Reasons to scoop poop: £1,000

This is the fourth and last of our spring campaign lectures about scooping poop in the park. Scooping poop may save you a £1,000. Southwick Country Park belongs to Wiltshire Council. It is categorised as an open space to which the public have access. Therefore, despite its being rented out for agricultural use, it comes... Continue Reading →

Subject: Thank You!

Sent: 21 May 2018 21:16:38 .  .   . To: friendsofscp@outlook.com .  .   . Dear Friends of Southwick Country Park, I was out in the park just recently taking our two dogs for their daily walk, when I was fortunate enough to encounter a group of Friends together with a nice lady from the Wiltshire Council... Continue Reading →

Vandalism fatally damages SCP trees

The vandals are back. Last night we got this message from DKG: "Just returned from a walk around the park with Chris S. Unfortunately the vandals are back. Four trees have been ring barked in the copse in Village Green, the same area where we had trouble last year. If it was children they knew... Continue Reading →

Stinking Willie and Marefart

Ragwort has many common names; in fact some, like stinking willie and marefart, are downright vulgar. Both refer to the plant's unpleasant smell. Another set of names, staggerwort, stammerwort and sleepy-dose, are about to its toxicity.  Then there is felon weed, swine grass and our personal favourites: scrog and weeby. To go with its unsavoury nicknames, Ragwort... Continue Reading →

By DKG: "A few photos from a stroll last night, unfortunately the cloud closed in and even a few spots of the wet stuff, very dull and dismal. The Bluebells are situated in the copse  in Brunt's Field; a lovely display this year after the haloing last year. There is no sign of the green... Continue Reading →

Reasons to scoop poop: no. 3

Most bio-degradable poo bags are not really bio-degradable; they are photo-degradable. In UV light their long molecular chains break down and they become lots of little pieces of plastic. If you wrap perfectly biodegradable dog faeces in non-biodegradable plastic and hang it in a tree, it either hangs there for years, is collected by a... Continue Reading →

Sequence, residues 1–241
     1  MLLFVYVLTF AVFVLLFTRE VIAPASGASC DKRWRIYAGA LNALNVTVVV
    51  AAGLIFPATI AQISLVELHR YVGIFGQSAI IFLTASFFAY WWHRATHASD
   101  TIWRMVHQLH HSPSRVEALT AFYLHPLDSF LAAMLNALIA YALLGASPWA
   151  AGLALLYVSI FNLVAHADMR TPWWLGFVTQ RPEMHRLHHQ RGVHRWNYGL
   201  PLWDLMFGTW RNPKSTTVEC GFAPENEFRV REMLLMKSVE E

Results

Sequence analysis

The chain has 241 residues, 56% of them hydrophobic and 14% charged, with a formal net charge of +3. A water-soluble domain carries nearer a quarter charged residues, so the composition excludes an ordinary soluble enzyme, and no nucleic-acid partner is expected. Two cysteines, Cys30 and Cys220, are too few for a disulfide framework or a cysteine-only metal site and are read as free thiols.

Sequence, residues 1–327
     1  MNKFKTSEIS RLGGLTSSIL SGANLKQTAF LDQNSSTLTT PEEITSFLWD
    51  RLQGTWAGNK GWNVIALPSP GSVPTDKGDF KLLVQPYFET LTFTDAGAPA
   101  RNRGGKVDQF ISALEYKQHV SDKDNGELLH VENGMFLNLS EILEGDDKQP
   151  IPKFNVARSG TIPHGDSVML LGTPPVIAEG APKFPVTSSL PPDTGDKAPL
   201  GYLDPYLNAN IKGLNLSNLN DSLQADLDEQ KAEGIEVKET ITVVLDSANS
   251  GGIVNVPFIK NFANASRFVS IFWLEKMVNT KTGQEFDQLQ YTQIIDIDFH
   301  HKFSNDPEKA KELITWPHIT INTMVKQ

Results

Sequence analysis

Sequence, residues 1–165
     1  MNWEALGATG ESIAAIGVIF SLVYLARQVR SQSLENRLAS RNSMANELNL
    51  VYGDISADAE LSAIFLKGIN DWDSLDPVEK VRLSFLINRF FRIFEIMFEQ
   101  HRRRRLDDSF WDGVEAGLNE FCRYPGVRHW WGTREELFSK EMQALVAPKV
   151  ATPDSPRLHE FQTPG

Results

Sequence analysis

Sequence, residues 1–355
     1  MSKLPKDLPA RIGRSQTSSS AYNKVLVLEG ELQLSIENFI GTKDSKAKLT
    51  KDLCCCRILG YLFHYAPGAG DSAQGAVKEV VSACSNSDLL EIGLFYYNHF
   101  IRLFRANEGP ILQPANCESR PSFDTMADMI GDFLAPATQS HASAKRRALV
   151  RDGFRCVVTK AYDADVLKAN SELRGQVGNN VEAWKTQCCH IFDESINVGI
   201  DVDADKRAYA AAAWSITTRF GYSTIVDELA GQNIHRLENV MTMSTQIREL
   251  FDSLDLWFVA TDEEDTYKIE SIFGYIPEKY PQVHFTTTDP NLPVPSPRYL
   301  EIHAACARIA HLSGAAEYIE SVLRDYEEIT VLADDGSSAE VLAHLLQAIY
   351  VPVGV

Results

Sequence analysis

Invasion of the Spanish squills

Our native species of bluebell (Hyacinthoides non-scripta) is threatened by the spread of Spanish squill (Hyacinthoides hispanica), a similar species imported into our gardens from southern Europe during the 17th and 18th centuries. Our native bluebells are dark blue and fragrant, with flowers on just one side of the stem producing that characteristic droop; the... Continue Reading →

Despite the announcement on Wiltshire Council's website and in the Wiltshire Times, the Traffic Regulation Order notices that have gone up in the car park do not mean that parking charges will be introduced at Southwick Country Park. They are part of the formal consultation process that the county has to complete in order to... Continue Reading →

"This was the scene I was greeted with in Sleepers this morning, they kindly left their carrier bag so I was able to clear up and get to a bin." DKG    

Slow worm survey

The Friends,  on a wet and squelchy day last week, prepared to survey the park's slow worm population. Here is DKG's report:     "Mats were cut and numbered for the slow worm survey with 40 mats laid in 4 areas (10 per area). These will be monitored in the coming weeks once we have... Continue Reading →

WINTER NOTES

BY SARAH MARSH The winter weather has not been kind to the Friends and all over the Park the ground has been very boggy and waterlogged. When it has stopped raining, we had to endure bitter icy cold winds blowing from the east. However, we are a hardy bunch and only missed one session of... Continue Reading →

Pop goes the Weasel

Hats and scarves was the order of the day for Wednesday's work party, and hedges and ditches, out of the east wind, were the best places to spend the morning. The park, however, was getting on with spring to an accompaniment of birdsong. Trish saw a weasel hunting through the hedge; it ran across the... Continue Reading →

Litter Picking

One of the perennial jobs around the Park is collecting litter. Most weeks sees one of the Friends with litter picker and rubbish sack in hand. All sorts of rubbish is found especially during the winter months when the foliage dies back and it is easier to spot. Sometimes we come across rubbish that has... Continue Reading →

Mighty Oaks From Little Acorns Grow

We were given three English oak tree saplings for the park. The saplings, perhaps ten years old, were grown from the acorns of ancient Wiltshire oaks: the Cathedral Oak, Cromwell’s Oak and, we were told, the Sherston Oak. The Cathedral Oak, a magnificent tree, huge and contorted, 10 metres round and believed to be more... Continue Reading →

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